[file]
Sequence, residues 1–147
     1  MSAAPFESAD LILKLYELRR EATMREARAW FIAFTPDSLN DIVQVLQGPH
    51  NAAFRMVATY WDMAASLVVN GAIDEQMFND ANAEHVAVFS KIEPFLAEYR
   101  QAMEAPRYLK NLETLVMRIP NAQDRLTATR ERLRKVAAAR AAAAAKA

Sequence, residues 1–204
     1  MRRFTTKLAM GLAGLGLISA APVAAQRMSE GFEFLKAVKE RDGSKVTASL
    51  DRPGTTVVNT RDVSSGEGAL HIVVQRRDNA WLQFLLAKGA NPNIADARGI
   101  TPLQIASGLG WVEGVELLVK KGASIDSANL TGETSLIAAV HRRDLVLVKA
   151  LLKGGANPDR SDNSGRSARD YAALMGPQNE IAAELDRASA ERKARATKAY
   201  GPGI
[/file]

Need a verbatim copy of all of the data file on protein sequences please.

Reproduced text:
Sequence, residues 1–147
     1  MSAAPFESAD LILKLYELRR EATMREARAW FIAFTPDSLN DIVQVLQGPH
    51  NAAFRMVATY WDMAASLVVN GAIDEQMFND ANAEHVAVFS KIEPFLAEYR
   101  QAMEAPRYLK NLETLVMRIP NAQDRLTATR ERLRKVAAAR AAAAAKA

Sequence, residues 1–204
     1  MRRFTTKLAM GLAGLGLISA APVAAQRMSE GFEFLKAVKE RDGSKVTASL
    51  DRPGTTVVNT RDVSSGEGAL HIVVQRRDNA WLQFLLAKGA NPNIADARGI
   101  TPLQIASGLG WVEGVELLVK KGASIDSANL TGETSLIAAV HRRDLVLVKA
   151  LLKGGANPDR SDNSGRSARD YAALMGPQNE IAAELDRASA ERKARATKAY
   201  GPGI